This paper presents a multisector growth model where education enhances general human capital, which is essential for increasing or maintaining the mobility of workers across industries. The paper shows that education, combined with international trade, can affect growth positively in the long run by raising workers’ ability to adapt and move easily to industries with the greatest productivity in each period. Depending on the initial ratio of general-to-specific human capital stock, multiple equilibrium growth paths can exist, including a poverty trap. If the ratio is not substantially low, trade liberalization can allow an economy in a poverty trap to transform into one with continuous education and higher output growth.
Mr. Anton Korinek, Mr. Martin Schindler, and Joseph Stiglitz
Advances in artificial intelligence and automation have the potential to be labor-saving and to increase inequality and poverty around the globe. They also give rise to winner-takes-all dynamics that advantage highly skilled individuals and countries that are at the forefront of technological progress. We analyze the economic forces behind these developments and delineate domestic economic policies to mitigate the adverse effects while leveraging the potential gains from technological advances. We also propose reforms to the global system of governance that make the benefits of advances in artificial intelligence more inclusive.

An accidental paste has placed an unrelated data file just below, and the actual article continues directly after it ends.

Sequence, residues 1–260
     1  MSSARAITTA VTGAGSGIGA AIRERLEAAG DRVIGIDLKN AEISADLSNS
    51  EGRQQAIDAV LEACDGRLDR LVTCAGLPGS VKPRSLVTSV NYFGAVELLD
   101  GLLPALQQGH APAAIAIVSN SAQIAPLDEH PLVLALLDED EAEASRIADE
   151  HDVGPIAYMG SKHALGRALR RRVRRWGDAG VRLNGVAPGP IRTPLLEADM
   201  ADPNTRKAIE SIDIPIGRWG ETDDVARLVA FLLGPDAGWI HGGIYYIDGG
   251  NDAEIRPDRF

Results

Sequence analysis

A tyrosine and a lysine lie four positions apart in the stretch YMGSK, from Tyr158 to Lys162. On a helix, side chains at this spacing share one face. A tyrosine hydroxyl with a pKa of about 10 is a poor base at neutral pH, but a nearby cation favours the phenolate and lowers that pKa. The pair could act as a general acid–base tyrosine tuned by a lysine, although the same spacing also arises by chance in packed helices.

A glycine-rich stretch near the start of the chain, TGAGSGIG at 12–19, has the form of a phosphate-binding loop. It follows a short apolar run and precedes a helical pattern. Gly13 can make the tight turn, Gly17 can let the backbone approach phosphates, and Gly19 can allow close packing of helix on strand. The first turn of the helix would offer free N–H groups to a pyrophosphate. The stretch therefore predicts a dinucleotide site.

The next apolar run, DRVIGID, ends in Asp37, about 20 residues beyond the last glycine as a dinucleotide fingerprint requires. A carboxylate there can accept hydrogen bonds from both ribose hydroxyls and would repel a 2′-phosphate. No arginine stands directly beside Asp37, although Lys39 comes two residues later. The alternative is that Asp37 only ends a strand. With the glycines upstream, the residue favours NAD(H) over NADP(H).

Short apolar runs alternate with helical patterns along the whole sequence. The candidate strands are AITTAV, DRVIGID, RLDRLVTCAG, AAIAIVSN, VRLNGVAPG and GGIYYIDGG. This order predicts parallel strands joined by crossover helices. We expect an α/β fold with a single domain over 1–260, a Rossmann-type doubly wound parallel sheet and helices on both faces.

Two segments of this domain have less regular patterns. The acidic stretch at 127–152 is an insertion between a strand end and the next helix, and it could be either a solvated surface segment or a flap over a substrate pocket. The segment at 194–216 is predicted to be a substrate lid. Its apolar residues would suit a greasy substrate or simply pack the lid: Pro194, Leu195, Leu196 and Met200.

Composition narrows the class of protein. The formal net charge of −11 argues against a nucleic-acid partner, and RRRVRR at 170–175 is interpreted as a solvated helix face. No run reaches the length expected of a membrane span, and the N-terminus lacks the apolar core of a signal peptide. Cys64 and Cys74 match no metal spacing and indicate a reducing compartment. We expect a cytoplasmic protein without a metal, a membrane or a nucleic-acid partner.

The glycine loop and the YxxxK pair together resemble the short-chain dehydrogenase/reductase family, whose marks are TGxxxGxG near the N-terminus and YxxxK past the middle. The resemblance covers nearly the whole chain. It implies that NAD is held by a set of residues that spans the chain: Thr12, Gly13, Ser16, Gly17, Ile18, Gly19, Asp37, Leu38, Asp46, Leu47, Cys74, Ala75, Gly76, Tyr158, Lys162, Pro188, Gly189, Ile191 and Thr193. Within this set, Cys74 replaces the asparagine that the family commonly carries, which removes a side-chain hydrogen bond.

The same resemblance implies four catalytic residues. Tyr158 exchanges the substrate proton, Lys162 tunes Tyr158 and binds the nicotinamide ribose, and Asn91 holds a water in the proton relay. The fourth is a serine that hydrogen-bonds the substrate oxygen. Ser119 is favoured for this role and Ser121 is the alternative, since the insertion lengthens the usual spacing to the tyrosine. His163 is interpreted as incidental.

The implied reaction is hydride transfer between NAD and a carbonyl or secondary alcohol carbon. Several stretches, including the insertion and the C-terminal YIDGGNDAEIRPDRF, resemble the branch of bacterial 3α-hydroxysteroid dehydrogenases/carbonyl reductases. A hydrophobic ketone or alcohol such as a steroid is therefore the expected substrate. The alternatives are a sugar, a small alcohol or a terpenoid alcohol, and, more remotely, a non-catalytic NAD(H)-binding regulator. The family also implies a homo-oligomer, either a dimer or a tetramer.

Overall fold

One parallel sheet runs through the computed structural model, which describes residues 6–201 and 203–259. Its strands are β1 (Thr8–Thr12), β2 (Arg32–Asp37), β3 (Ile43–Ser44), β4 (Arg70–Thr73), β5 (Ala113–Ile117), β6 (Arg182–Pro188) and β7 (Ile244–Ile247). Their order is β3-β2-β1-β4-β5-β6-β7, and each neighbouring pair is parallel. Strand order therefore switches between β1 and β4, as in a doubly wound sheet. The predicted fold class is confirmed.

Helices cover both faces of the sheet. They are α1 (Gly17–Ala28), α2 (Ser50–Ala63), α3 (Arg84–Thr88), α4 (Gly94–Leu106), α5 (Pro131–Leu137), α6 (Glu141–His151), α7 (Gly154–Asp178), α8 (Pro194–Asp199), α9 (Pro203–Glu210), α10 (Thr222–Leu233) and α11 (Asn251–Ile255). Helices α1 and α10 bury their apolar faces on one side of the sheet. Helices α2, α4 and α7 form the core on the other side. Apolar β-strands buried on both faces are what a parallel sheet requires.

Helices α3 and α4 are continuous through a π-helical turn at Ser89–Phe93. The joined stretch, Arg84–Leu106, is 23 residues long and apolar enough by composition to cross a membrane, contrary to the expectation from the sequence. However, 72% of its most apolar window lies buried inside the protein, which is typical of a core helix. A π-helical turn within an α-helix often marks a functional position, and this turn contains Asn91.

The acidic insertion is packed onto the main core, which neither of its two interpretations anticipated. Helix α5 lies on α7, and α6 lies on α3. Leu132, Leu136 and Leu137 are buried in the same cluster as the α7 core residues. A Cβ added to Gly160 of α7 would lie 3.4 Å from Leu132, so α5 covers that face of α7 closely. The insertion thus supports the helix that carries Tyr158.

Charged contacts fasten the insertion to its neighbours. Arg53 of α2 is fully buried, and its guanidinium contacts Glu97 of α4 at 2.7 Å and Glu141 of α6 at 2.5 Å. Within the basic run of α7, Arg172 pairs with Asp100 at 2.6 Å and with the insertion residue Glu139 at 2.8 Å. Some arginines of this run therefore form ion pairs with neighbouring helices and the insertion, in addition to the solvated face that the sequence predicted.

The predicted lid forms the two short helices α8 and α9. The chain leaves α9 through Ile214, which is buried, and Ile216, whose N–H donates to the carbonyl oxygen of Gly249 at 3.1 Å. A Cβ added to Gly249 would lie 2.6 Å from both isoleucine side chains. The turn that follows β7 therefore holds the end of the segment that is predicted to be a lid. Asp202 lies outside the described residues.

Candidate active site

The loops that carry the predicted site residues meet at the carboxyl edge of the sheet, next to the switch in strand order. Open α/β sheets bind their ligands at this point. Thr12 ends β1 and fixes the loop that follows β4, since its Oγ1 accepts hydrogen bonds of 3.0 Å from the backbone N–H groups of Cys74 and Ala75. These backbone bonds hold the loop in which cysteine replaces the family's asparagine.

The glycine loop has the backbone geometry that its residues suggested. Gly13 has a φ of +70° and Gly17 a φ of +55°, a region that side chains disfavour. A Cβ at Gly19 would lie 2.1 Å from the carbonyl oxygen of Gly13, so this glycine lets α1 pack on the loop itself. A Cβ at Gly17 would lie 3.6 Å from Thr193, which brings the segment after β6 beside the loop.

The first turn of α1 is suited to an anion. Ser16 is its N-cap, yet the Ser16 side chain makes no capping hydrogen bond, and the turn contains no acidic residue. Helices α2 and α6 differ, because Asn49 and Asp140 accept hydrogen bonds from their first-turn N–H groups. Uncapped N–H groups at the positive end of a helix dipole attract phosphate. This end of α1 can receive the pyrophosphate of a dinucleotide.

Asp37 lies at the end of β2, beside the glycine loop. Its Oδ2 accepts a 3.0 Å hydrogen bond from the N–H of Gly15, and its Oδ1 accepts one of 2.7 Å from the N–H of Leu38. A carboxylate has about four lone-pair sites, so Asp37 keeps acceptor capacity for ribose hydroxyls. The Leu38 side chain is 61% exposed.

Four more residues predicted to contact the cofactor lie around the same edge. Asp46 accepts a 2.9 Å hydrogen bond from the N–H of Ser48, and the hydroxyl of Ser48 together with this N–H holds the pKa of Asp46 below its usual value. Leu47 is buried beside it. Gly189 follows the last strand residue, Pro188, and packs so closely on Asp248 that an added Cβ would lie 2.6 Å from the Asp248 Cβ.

This paper studies the effect of individual uncertainty on collective decision-making to implement innovation. We show how individual uncertainty creates a bias for the status quo even under irreversible voting decisions, in contrast with Fernandez and Rodrik (1991). Blocking innovation is rooted in the aversion to the potential loss of political clout in future voting decisions. Thus, risk neutral individuals exhibit what we call political risk aversion. Yet individual uncertainty is not all bad news as it may open the door to institutional reform. We endogenize institutional reform and show a non-monotonic relationship between institutional efficiency and the size of innovation.
This paper provides empirical evidence on the response of labor productivity to the arrival of new inventions. The benchmark measure of technological progress is given by data on patent applications in the U.S. over the period 1889-2002. The analysis shows that labor productivity may temporarily fall below trend after technological progress. However, the effects on productivity differ between the pre- and post-World War II periods. The pre-war period shows evidence of a productivity slowdown as a result of the arrival of new technology, whereas the post-World War II period does not. Positive effects of technology shocks tend to show up sooner in the productivity data in the later period.